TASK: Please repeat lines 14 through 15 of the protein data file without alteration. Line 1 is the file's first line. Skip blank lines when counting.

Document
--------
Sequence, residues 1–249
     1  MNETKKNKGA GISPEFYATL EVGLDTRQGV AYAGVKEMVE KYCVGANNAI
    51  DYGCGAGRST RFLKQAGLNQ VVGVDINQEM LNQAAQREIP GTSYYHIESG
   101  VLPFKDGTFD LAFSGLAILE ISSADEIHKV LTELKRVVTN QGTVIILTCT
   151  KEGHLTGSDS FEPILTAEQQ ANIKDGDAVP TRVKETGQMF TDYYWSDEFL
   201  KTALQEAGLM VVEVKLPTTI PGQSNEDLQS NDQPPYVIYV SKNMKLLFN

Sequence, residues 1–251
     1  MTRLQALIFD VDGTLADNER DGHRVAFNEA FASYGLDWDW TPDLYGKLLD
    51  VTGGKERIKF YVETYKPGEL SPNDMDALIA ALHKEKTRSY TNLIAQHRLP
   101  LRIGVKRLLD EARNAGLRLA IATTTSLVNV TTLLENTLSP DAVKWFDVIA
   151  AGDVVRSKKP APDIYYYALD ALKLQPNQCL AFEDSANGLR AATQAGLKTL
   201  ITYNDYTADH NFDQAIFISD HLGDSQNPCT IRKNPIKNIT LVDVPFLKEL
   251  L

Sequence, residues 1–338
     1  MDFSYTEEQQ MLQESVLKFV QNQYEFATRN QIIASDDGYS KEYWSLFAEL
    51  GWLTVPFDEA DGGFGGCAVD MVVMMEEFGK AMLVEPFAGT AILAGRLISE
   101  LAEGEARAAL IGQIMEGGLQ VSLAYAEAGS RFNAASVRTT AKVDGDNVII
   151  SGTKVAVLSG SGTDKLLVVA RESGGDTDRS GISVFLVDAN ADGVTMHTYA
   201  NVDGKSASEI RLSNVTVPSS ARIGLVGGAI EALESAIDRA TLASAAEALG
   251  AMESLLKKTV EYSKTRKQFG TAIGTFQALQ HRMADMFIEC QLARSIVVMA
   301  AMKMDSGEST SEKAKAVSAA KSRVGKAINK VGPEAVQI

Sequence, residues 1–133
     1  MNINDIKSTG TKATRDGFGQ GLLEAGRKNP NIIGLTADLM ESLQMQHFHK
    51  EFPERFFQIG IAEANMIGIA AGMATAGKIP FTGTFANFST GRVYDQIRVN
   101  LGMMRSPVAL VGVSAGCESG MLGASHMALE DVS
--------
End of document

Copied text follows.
Sequence, residues 1–338
     1  MDFSYTEEQQ MLQESVLKFV QNQYEFATRN QIIASDDGYS KEYWSLFAEL